Angra – ØMNI Review

24796449_1931882986827641_8548198602963311541_nWhenever a new Angra album is released, you can expect a surprise. While Angra are at the forefront of Brazilian power metal and especially the international recognition of the local metal scene, they are anything but resting on their laurels or repeat the old recipe again and again.

From incorporating traditional Brazilian sounds in Melodic Power Metal on their first two albums “Angel’s Cry” and “Holy Land”, to catchier, European-sounding records in the 2000s to prog power albums post-2010, Angra not only demonstrate endurance but also innovation and inventiveness. Despite the constantly changing lineup, which initially saw Andre Matos, then Edu Falaschi and in between also half of the founding members (who then founded Shaman) rotating out of the band, the troupe with mastermind Rafael Bittencourt never lets down and continuously releases albums which blow up the cage of Power Metal.

The latest result of this unbridled creativity is the all-encompassing work “ØMNI”, which not only challenges my keyboard, but also the auditorium. Angra continue to follow the path pioneered by the first longplayer with Fabio Lione, “Secret Garden”, and diligently create their own niche between prog, power and folk sounds. On “ØMNI”, the audience should not expect linear melodies like “Carry On”, but instead a surprising turn with every new track.

In order not to push away fans who want a bit more shallow – and I mean more catchy – sounds, the Brazilians open with two quite simple Power Metal songs, of which the first, “Light Of Transcendence”, is from start to finish Classic-European-style Speed-Firecracker à la “Eagleheart”. “Travelers Of Time” presents a somewhat larger entry barrier with its progressive verses, but the overcoming of these is rewarded by a hymnic chorus and a solo reminiscent of the early 2000s.

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After these two soothing melodies (which, by the way, were the first two singles released …), Angra let the cat out of the bag. Oops, no Power Metal? No, but in that case: All the better. “Black Widow’s Web” opens with a spooky atmosphere and a short vocal part by the Brazilian pop singer Sandy, who is probably more well known to Brazilian listeners than international. Then it goes straight into the deepest prog realms with a 7/8 beat and thick Djent-like riffs. Anyone who turns their eyes at Angra and Djent in one sentence should, however, see for themselves how well that works. And do not think so narrow-minded. In addition, Arch Enemy frontwoman Alissa White-Gluz enriches this extremely varied song with her death shouts. As a compromise, there is an ear flattering chorus that gets stuck right away. Certainly one of the band’s most daring tunes, but after the brilliant finale of it, a song remains that stands out and impresses.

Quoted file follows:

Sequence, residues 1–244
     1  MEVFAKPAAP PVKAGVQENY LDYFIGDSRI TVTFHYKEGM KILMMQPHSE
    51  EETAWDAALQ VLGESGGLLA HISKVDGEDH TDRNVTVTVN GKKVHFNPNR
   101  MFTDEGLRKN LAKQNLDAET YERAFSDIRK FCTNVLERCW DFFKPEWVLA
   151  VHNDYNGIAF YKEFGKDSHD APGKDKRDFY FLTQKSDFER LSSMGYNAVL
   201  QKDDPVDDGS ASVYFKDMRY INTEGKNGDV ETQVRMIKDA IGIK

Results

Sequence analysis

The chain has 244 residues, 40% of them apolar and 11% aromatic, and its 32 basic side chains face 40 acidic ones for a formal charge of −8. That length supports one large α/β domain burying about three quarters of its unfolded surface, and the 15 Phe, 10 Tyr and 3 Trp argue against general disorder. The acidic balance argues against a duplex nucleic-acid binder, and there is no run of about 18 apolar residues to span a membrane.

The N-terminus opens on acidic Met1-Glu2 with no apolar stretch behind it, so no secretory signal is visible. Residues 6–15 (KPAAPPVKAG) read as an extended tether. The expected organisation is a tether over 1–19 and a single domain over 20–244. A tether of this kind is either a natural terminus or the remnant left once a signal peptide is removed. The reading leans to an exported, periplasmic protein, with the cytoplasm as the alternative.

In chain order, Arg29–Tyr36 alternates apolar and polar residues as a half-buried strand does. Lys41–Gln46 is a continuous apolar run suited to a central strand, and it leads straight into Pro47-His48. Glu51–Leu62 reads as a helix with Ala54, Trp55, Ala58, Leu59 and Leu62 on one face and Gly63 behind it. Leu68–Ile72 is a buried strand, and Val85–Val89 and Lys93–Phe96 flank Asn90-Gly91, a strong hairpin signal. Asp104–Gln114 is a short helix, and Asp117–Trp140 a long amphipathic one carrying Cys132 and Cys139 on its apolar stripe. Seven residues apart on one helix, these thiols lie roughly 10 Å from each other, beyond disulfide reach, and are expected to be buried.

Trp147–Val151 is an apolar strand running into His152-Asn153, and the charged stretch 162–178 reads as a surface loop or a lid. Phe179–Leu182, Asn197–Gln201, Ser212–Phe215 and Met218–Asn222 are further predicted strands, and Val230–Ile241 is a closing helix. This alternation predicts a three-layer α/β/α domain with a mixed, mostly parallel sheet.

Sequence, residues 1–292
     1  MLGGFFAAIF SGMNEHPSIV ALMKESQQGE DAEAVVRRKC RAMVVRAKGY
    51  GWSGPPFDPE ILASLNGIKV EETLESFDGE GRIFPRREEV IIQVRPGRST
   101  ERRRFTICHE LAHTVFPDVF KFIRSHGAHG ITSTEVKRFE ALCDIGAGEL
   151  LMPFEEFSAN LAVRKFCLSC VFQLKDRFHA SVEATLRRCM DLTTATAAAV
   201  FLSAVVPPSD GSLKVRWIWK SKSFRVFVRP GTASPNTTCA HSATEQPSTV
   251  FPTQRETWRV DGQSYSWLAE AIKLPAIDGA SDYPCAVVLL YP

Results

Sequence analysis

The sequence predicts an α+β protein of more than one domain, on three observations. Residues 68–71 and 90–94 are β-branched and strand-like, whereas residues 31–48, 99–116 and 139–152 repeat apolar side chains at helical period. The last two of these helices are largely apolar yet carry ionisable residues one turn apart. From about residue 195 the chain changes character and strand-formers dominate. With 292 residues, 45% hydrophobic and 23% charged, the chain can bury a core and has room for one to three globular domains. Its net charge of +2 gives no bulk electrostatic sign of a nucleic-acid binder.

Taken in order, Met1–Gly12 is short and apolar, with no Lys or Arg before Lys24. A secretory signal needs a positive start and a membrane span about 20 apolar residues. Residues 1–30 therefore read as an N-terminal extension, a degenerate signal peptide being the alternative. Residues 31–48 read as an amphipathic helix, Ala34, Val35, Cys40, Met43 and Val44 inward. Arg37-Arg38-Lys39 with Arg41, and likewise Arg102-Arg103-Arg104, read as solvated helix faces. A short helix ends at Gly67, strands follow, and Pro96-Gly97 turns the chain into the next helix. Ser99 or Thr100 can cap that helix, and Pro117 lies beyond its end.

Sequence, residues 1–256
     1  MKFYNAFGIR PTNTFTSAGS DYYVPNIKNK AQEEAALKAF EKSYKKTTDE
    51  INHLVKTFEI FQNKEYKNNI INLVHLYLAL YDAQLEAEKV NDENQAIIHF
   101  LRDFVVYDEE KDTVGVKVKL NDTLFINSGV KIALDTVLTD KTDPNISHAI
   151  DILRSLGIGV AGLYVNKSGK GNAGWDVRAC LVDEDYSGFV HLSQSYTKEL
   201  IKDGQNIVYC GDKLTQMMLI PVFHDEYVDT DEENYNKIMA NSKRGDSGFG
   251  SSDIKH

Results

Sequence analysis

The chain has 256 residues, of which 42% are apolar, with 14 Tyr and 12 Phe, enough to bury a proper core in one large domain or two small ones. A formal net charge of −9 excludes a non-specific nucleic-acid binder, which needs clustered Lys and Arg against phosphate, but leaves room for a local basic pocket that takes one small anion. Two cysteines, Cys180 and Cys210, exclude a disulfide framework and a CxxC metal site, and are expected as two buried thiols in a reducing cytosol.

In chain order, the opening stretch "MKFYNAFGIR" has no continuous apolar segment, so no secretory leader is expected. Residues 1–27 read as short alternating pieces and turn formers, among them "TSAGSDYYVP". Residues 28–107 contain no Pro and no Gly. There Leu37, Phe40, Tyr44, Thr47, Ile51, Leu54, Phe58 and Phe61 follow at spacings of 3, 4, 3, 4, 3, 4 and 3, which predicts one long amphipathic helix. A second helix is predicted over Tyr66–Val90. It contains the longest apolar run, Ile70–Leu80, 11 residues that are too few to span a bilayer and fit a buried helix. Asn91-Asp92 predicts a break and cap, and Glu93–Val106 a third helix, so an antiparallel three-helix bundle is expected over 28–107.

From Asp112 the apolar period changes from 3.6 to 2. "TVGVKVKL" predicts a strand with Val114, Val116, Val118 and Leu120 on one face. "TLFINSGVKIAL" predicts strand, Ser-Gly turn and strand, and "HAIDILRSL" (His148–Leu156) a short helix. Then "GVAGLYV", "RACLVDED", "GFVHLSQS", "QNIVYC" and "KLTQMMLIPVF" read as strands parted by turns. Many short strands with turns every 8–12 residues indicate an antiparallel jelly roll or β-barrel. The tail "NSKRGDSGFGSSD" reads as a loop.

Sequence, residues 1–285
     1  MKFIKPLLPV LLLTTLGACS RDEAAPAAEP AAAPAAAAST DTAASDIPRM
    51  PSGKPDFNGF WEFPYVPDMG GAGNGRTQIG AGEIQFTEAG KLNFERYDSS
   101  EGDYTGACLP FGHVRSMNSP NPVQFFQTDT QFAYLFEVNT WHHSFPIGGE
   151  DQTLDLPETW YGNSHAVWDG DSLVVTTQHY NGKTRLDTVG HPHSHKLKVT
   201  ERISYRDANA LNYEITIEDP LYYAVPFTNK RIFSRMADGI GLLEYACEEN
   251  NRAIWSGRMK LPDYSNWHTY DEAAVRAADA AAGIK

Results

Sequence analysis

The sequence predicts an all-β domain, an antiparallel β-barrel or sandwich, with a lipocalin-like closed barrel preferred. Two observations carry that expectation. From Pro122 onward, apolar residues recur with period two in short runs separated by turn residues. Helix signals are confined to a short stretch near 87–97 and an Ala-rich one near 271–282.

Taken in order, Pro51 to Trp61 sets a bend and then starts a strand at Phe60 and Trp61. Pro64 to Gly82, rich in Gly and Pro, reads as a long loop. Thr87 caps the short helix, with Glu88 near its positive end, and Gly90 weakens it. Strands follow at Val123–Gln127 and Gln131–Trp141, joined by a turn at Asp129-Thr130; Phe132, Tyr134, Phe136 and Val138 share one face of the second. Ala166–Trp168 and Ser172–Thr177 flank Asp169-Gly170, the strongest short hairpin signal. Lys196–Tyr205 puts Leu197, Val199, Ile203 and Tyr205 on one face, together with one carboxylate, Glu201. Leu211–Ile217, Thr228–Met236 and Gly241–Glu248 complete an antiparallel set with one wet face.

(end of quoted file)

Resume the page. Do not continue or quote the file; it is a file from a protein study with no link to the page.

Impressive as well is the opening of the following track “Insania”, which is brought by an extremely hymnic choral part in to a prog stanza, and then culminates again in a typical European melodic chorus. This recipe is also the only feature of Angra‘s that runs like a thread through the album. Challenging prog structures with 7/8 and 3/4 bars as in “War Horns”, “Caveman” and “Magic Mirror” are combined with catchy melodies. This leads to one of the album highlights in “Caveman”. Technically advanced Prog sounds, mixed with Brazilian folk influences, resulting in an euphoric chorus, which forms a striking contrast to the prog parts.

Traditional, gentler sounds are emphasized in the two ballads “The Bottom Of My Soul” and “Always More”, which can convince the listener after several rounds. Rafael Bittencourt is convincing as well with his rough, earthy vocals, of which I would have liked more in such a varied, daring album. Although Fabio Lione is a great vocalist, he is more in tune with his main melodic power metal bands, where his vocals soar like an eagle. The progressive, playful sides which Angra often show here call for a heavier singer in the direction of Russell Allen (Symphony X). Lione does a good job, but sometimes his slightly thin voice is inappropriate. In songs like “Silence Inside”, the final 8-minute show, he wants to scream out of the cage, but the music can not keep up. Here a down-to-earth voice like Rafael Bittencourt’s would be more fitting. However, Fabio Lione, for whom singing is routine in the face of thousands of bands and session vocals, does a great job as always.